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Home > Articles > What Is Telogen Effluvium?

What Is Telogen Effluvium?

by Marisa Amorasak

Shedding is normal-- it's typical to find up to 150 hairs a day on your brush, pillow, and clothing. People tend to shed even more as they age. Genetic hair loss commonly effects older men. However, there is a different type of hair loss that can result in losing 70% of your hair in just a couple of weeks. If you're able to pull large clumps of hair from your scalp, notice random bald spots, or there is a large amount of shed hair in your living space, you may be suffering from telogen effluvium.

What Is Telogen Effluvium?

Telogen effluvium is a form of alopecia characterized by large amounts of shedding. The hair loss is is often very sudden, and all of the hair lost during telogen effluvium may be lost in a matter of days. The hair loss will result in a diffused sparseness on the scalp, but it doesn't have to be evenly distributed. Hair loss from telogen effluvium may be more drastic in some spots than others. A receding hairline is uncommon in telogen effluvium, but possible in chronic cases.

Telogen effluvium occurs during one of the hair's growth stages called the telogen phase. During this phase, the hair is in a resting period. Normally, this period lasts two to four months. The shedding phase of the growth cycle doesn't occur until after the telogen phase has completed. But during telogen effluvium, something goes awry in the telogen cycle and hair begins to shed before it should.

It's easy to tell if you're suffering from telogen effluvium, or just a bad bout of otherwise normal shedding. Be wary if you are dealing with major hair loss that actually makes a difference in the look of your hair density. Additionally, hair that's in the telogen phase is easily identifiable. The hairs that are being shed should have a visible root at one end. The root should be larger than the rest of the hair shaft and bulb-shaped. It may be white or the same color as your hair.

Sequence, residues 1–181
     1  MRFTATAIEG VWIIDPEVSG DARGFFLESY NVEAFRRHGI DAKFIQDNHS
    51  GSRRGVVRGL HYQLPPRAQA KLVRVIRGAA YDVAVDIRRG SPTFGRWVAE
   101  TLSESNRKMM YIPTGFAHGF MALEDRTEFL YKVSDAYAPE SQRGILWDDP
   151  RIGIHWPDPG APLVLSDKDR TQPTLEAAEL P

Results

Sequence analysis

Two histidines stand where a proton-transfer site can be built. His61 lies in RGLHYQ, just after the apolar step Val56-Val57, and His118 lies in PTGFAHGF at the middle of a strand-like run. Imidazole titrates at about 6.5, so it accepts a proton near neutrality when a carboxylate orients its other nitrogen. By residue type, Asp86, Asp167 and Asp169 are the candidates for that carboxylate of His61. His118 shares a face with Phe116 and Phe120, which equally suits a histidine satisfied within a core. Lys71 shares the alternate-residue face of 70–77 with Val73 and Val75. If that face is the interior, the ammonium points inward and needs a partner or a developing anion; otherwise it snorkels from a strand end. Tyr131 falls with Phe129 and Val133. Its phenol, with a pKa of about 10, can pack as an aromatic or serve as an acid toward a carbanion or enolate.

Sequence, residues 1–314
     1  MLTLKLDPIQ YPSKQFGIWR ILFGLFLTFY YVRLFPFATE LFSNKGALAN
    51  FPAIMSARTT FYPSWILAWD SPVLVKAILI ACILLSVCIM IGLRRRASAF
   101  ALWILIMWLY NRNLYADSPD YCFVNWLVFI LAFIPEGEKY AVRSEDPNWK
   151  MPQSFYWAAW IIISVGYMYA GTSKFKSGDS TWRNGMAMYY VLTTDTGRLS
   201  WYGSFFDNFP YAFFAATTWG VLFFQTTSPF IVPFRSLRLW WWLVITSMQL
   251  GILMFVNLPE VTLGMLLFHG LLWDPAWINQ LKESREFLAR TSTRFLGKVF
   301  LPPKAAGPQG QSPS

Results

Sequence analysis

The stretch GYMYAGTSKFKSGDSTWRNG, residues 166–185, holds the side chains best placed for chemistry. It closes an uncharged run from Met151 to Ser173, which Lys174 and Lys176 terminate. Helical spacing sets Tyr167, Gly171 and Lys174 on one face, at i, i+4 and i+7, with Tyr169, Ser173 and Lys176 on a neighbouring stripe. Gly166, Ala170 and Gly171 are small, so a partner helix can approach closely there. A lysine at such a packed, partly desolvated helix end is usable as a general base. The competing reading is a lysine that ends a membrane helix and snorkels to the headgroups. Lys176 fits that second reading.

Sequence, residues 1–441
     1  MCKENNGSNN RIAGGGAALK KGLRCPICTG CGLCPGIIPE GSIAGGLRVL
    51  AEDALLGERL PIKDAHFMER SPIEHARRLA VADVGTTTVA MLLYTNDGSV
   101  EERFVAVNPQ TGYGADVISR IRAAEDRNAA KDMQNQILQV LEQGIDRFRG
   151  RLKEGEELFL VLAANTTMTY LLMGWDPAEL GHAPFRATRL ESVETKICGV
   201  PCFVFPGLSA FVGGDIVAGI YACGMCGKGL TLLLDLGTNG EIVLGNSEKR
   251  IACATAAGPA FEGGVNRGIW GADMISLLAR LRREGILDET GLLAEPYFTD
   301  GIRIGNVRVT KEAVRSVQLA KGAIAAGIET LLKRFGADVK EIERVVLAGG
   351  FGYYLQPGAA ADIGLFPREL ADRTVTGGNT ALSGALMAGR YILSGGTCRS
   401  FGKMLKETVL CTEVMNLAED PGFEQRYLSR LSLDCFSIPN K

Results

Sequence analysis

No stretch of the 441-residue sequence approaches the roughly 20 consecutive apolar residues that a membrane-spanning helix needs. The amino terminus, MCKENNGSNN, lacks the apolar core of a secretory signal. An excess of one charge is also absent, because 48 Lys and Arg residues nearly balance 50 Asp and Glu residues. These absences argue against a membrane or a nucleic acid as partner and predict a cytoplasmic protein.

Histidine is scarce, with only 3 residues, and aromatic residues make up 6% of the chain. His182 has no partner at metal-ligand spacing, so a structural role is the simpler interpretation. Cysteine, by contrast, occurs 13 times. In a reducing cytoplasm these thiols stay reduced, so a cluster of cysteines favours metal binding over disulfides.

Telogen Effluvium Causes

It can occur in men, women, and children. It does not appear to be genetic; rather, it is the body's response to other trauma. Telogen effluvium has been reported in relation to childbirth, high fever, severe illness, major surgery, thyroid issues, crash diets, and a variety of medications. The onset of telogen effluvium occurs about two months after the body is exposed to the trauma.

Even though the above causes are all usually sudden developments, the two most common causes of telogen effluvium are stress and a poor diet. Based on animal testing, there appears to be a link between the hair growth phases and the amount of stress a person has. People with more stress are more prone to telogen effluvium because their hair may stay in that telogen resting stage for too long. Similarly, a lack of minerals, amino acids, and vitamins may cause telogen effluvium. Thus, diet-caused telogen effluvium is more common in third-world countries where a person's diet may be deficient of one or more of these essential nutrients. In developed countries, most people's diets include at least some of the nutrients. Some dermatologists argue that an iron deficiency may result in telogen effluvium. Iron deficiencies usually occur in vegetarians due to lack of red meat and women, as they lose a significant amount of iron from monthly menstruation.

Telogen Effluvium Treatment

If the cause of telogen effluvium is known, the best way to treat it is to isolate the cause. If it's following a major surgery, hair growth should resume as the body naturally heals. An iron deficiency can be remedied by a change in diet and supplements. However, oftentimes the absolute cause of telogen effluvium is unknown or untreatable. For example, a person with severe psychological stress may not be able to alleviate their illness. In such cases, medications are prescribed. Minoxidil can be effective at fighting off existing telogen effluvium, but won't prevent it from coming back.

Hair Restoration for Telogen Effluvium

Surgical hair transplants aren't recommended for people who suffer, or who have recently suffered, from telogen effluvium. Since the hair's follicle is problematic, there's just not anywhere reliable to graft the hair from. But if you suffer from another form of hair loss or thinning hair, you may be a fine candidate for hair transplants. If you'd like to learn more about hair restoration or to schedule an appointment with a hair loss specialist in your area, contact us today!

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